We know this. As educated, learned members of society who have formally or informally studied some form of economics at some point in our lives, we are taught that this is how the conglomerates and marketers of the world get us to part with our money. Yet, we fall for it. Despite our hardest efforts, we succumb to spending, buying, obtaining.
The pricier an item, the cleverer the methods. From watchmakers who only make a hundred or two of special edition timepieces, to fashion labels who cleverly come up with capsule collections commemorating a once-in-a-blue-moon occasion, the tricks are aplenty, and they keep coming up because they work. Just ask the guys at Supreme.
Even as we write and you read this, we know how redundant this all sounds – until we inadvertently find ourselves on the paying end of another purchase. And unfortunately for us, it’s not a cycle that’s about to end, not until we rise above our own sense of missing out, the all dreaded place of FOMO.
We want to be included
It all began, we like to think, at some insecure points of lives most likely during the teenaged years when having what everyone else has and being just like everyone else was the most important thing in the world. Bombarded with media and advertising telling us exactly what will make us just like everyone else sowed the first seed of want.
It starts with the need to feed our self validation and sadly, it doesn’t get any better. The stakes get higher as the age group increases, and so do the price tags of desired toys. Privileged players of the game quickly make the rules and the less privileged struggle to keep up. When they max out in the kindergarten playgrounds, they move on the bigger competitive fields.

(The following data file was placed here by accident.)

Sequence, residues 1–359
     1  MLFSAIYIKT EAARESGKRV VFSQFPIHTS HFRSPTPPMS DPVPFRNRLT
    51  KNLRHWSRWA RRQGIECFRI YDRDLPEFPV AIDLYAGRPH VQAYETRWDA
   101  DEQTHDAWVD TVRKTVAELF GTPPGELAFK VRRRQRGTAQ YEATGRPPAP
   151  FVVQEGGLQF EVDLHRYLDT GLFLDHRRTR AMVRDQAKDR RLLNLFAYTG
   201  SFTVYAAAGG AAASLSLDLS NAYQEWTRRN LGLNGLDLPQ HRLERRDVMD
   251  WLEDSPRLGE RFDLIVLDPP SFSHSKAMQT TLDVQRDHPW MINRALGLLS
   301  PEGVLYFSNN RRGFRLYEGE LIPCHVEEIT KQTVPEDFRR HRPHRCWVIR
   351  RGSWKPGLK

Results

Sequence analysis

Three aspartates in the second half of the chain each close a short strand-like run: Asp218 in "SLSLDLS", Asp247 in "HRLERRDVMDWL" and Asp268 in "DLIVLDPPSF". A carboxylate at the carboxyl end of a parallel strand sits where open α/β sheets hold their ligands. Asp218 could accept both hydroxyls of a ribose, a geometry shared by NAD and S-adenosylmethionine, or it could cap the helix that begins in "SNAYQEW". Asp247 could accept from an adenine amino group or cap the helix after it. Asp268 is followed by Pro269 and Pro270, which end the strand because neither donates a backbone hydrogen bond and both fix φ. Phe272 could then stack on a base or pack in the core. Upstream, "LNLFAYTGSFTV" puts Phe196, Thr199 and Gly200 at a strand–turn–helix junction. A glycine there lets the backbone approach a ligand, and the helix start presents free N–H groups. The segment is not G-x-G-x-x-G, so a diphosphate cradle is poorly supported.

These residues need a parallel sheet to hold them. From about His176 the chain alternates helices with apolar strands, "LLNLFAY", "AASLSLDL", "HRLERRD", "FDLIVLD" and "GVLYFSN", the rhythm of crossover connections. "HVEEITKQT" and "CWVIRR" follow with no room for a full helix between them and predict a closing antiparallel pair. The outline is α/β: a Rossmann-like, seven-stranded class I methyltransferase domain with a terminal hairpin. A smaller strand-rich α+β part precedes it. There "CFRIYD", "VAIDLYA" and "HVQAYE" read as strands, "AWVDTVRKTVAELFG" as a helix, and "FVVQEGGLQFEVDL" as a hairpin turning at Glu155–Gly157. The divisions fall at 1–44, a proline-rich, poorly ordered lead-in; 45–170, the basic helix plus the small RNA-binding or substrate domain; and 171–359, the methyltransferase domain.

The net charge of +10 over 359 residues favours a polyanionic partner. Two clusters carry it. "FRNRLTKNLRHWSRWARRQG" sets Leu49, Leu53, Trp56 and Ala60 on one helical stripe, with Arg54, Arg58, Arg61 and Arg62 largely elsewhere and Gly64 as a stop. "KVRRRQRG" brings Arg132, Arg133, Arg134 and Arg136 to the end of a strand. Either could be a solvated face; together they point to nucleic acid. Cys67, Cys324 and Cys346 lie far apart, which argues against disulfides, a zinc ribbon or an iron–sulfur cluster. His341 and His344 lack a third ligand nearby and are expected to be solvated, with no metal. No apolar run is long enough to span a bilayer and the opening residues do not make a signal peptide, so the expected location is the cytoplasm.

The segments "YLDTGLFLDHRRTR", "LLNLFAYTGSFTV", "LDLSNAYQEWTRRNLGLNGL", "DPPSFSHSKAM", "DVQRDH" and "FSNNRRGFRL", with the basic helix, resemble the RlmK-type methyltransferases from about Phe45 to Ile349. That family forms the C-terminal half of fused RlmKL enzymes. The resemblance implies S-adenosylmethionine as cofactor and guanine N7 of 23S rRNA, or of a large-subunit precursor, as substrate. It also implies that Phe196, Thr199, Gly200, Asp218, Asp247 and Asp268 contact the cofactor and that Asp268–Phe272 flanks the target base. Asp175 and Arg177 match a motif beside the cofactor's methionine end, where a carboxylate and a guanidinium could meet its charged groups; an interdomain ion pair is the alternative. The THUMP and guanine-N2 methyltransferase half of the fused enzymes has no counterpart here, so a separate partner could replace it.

Then we want to stand out
After a while of having what everyone has, wanting what they don’t becomes a lot more enticing. Enter the exclusive club of limited edition numbered releases and exclusive special occasion capsule collections. Got a never-before-done collaboration with an unattainable name to lend their star power? Even better.
One defining element of luxury is exclusivity itself so items that never make a second appearance and/or make its owners one of the very few people to be able to lay claim to possession is the way to go. One can argue that there is a small underlying truth of true appreciation for the product, but how much more is driven by inferiority?
Some products are debatably attractive, which brings the question of whether there is true art in the creation, or just a bandwagon brands are jumping on to be seemingly unique. If you’re a big enough brand, consumers nonetheless lap it up.
In these cases, FOMO is tapped into once more, evolving from wanting everything to now wanting only the best that others can’t have.
It’s not you, it’s me
Buying in itself is healthy – it boosts the economy, it provides wage to millions in the lines of production, marketing, creation and more in a huge ripple effect of economics and it is even a form of self expression should one be buying things that truly, authentically speak to them.
One shouldn’t be made to feel bad about spending, especially if you can afford it and have earned it. Then why do we? Why is it that we still feel a twinge of guilt when we allow yourselves another purchase of want?
Perhaps that opens up another can of worms in relation to self-validation, this time in the area of self-esteem. Either way, there’s always retail therapy to help salve things.